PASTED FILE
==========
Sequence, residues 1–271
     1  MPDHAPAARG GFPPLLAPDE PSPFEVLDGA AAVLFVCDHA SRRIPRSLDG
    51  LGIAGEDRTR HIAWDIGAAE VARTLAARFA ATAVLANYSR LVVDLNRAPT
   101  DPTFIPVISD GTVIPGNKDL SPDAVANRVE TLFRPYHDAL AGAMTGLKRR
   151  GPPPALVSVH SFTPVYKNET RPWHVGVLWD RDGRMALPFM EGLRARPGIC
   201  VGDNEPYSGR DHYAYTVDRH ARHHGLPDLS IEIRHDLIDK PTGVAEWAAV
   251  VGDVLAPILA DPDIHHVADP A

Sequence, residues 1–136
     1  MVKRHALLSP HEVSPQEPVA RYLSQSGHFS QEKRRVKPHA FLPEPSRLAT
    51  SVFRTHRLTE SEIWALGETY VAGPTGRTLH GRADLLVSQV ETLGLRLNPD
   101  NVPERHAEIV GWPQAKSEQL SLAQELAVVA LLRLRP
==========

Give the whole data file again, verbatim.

Sequence, residues 1–271
     1  MPDHAPAARG GFPPLLAPDE PSPFEVLDGA AAVLFVCDHA SRRIPRSLDG
    51  LGIAGEDRTR HIAWDIGAAE VARTLAARFA ATAVLANYSR LVVDLNRAPT
   101  DPTFIPVISD GTVIPGNKDL SPDAVANRVE TLFRPYHDAL AGAMTGLKRR
   151  GPPPALVSVH SFTPVYKNET RPWHVGVLWD RDGRMALPFM EGLRARPGIC
   201  VGDNEPYSGR DHYAYTVDRH ARHHGLPDLS IEIRHDLIDK PTGVAEWAAV
   251  VGDVLAPILA DPDIHHVADP A

Sequence, residues 1–136
     1  MVKRHALLSP HEVSPQEPVA RYLSQSGHFS QEKRRVKPHA FLPEPSRLAT
    51  SVFRTHRLTE SEIWALGETY VAGPTGRTLH GRADLLVSQV ETLGLRLNPD
   101  NVPERHAEIV GWPQAKSEQL SLAQELAVVA LLRLRP